Development of Reading and Writing Skills and Motivation in Preschool and Early School Years
This study explored the progress of reading and writing skills from preschool to grade 2 among three groups: a risk group, an early readers group, and a middle group. Differences were observed between these groups through the school years in pre-reading skills, reading and spelling skills, and motivation. These skills were lowest in risk group and highest in early readers group.
Authors: Marja-Kristiina Lerkkanen, Anna-Maija Poikkeus, Timo Ahonen, Martti Siekkinen, Pekka Niemi, & Jari-Erik Nurmi
Source: Lerkkanen, M-K., Poikkeus, A-M., Ahonen, T., Siekkinen, M., Niemi, P., & Nurmi, J-E. (2010). Luku- ja kirjoitustaidon kehitys sekä motivaatio esi- ja alkuopetusvuosina. Kasvatus, 41(2), 116–128.
This study explored the progress of reading and writing skills from preschool to grade 2 among three groups: a risk group, an early readers group, and a middle group. Differences were observed between these groups through the school years in pre-reading skills, reading and spelling skills, and motivation. Parents of early readers had more positive performance expectations and beliefs about their child and they taught reading more frequently to their child.
- Preschool provides the foundation for learning to read and write by supporting children through playful activities, phonemic awareness, and letter knowledge.
- Approximately a third of Finnish children starting school already know how to read, and they remain in the region of one year ahead of others in reading speed.
- Approximately 5%–20% of children are at-risk in terms of reading difficulty.
- Letter knowledge and phonological skills predict later reading and writing skills.
- Reading comprehension depends on reading fluency. Furthermore, vocabulary and listening comprehension, deduction, metacognitive skills, and memory are all related to reading comprehension.
- Self-concept, working habits, and interests are motivational constructs related to reading.
- There is a reciprocal relationship between motivation and reading skills development.
What is intrinsic motivation?
- This refers to motivation that comes from within an individual, such as interesting, challenging, and joyful activities that provide internal satisfaction.
What is extrinsic motivation?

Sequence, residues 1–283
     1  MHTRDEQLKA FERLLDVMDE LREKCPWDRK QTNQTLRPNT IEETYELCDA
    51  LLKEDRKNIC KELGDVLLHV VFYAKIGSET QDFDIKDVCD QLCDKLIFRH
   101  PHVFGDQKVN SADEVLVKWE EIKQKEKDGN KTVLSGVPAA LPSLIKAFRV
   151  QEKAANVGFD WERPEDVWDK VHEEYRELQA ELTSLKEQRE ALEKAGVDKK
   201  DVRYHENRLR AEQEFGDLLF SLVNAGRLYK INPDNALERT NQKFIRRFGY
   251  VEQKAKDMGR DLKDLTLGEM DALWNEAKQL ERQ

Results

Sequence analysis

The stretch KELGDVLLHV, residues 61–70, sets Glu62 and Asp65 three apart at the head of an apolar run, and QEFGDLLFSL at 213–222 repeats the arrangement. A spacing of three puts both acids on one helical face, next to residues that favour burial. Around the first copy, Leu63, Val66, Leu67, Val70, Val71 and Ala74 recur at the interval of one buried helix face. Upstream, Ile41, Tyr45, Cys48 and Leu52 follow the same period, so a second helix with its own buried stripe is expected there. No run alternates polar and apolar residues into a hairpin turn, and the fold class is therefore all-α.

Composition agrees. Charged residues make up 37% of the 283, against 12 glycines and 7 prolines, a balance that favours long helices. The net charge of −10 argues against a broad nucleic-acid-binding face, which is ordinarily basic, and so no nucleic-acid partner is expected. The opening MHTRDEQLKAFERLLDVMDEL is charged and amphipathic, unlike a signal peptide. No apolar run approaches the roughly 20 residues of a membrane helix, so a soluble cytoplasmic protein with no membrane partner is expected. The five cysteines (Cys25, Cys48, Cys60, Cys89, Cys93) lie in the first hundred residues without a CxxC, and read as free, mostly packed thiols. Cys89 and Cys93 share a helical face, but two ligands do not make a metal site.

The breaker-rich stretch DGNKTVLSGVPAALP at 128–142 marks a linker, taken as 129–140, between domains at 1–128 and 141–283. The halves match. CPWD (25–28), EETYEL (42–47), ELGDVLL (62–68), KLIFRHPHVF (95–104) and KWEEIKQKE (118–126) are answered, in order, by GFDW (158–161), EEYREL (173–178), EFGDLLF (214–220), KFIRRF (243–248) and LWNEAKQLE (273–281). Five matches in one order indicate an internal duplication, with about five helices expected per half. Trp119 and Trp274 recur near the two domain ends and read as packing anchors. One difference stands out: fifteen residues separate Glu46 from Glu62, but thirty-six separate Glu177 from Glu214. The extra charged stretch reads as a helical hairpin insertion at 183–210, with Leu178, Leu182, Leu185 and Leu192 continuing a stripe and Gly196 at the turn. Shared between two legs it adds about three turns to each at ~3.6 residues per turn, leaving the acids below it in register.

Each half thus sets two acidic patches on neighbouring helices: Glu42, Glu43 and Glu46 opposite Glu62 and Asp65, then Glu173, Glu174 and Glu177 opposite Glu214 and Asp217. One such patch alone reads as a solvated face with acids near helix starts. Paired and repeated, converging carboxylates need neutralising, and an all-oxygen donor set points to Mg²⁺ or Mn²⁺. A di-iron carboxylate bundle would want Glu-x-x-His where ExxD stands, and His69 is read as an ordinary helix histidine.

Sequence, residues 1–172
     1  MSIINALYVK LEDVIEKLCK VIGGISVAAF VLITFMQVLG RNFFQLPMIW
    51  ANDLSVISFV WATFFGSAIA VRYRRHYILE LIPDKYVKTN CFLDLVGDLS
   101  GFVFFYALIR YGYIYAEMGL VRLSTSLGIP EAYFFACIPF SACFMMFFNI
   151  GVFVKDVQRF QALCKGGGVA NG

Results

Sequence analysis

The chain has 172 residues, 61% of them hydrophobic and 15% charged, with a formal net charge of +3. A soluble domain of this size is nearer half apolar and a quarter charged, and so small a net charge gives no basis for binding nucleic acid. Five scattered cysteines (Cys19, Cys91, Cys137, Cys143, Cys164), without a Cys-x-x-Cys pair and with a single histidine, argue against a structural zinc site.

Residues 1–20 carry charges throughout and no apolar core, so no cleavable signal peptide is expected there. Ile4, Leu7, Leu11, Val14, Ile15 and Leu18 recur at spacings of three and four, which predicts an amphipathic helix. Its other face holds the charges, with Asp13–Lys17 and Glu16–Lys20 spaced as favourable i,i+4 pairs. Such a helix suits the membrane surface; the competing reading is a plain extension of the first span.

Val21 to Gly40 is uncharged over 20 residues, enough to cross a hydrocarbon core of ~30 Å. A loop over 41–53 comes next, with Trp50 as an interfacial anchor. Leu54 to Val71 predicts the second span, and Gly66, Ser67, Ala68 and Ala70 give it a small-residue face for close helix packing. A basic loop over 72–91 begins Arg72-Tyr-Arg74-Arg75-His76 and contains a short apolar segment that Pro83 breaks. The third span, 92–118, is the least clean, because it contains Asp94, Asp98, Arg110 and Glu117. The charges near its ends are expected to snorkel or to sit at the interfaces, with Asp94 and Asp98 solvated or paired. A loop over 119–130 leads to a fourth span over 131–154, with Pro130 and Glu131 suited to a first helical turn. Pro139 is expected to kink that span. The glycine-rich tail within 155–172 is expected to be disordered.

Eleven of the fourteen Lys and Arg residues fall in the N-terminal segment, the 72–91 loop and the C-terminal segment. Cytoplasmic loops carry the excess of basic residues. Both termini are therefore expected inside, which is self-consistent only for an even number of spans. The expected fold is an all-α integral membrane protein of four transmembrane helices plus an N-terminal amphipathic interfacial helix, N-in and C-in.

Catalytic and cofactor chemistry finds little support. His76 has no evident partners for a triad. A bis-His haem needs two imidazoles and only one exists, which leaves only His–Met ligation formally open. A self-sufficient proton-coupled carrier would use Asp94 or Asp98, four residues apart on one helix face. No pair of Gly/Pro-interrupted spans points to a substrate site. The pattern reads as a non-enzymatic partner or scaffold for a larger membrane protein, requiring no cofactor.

- This comes from something external, such as a reward system in a classroom, which is not related to the learning of the skill itself.
This study formed part of the larger First Steps study, in which approximately 2000 children were followed from preschool to grade 9. In this particular study, children’s reading and writing skill development was monitored from preschool to grade 2 among three groups: a risk group for reading difficulty (n = 162), an early readers group (n = 469), and a middle group including all the other children (n = 1205).
- How do the risk and the early readers groups differ in reading and spelling skills’ development and motivation?
- How do girls and boys differ in reading and spelling skills development and motivation?
- How are parents’ expectations and beliefs related to development of reading and spelling skills and motivation in both the risk and early readers groups?
The study included several assessments (on a yearly basis) of student academic performance, motivation, social skills, and wellbeing.
- Pre-reading skills and reading and writing skills were lowest in the risk group compared to other children, and highest in the early readers group.
- The risk group demonstrated lower motivation to read and less interest towards letters and reading. They also demonstrated the lowest self-concept as learners for letters and reading, and greater avoidance behaviour towards this kind of task.
- In the risk group, girls achieved better results in letter knowledge, reading comprehension, and spelling through all years.
- In the early readers group, girls also achieved better results in listening comprehension and spelling, as well as being more interested in letters and reading.
- Parents of the children in the risk group had lower expectations for their child’s achievements and abilities. They also provided less guidance to their children at home for reading.
Children in the risk group had lower pre-reading, reading, and spelling skills, as well as motivation compared to other children. Furthermore, their parents had lower achievement expectations and beliefs as well as guiding their children less towards reading. Children in the risk group may need more motivation and individualised support at school to learn to read. Their vocabulary and listening comprehension skills should already be practiced in preschool. Risk group children (especially boys) might benefit from teaching that includes adventure, action, and movement while learning letters, phonemes, and decoding. In addition, computer-based games might help them to learn to read. One important factor in learning is the teacher–student relationship and the quality of instruction. The quality of teaching practice and emotional support affects the climate of the class and therefore also student motivation and reading skill development.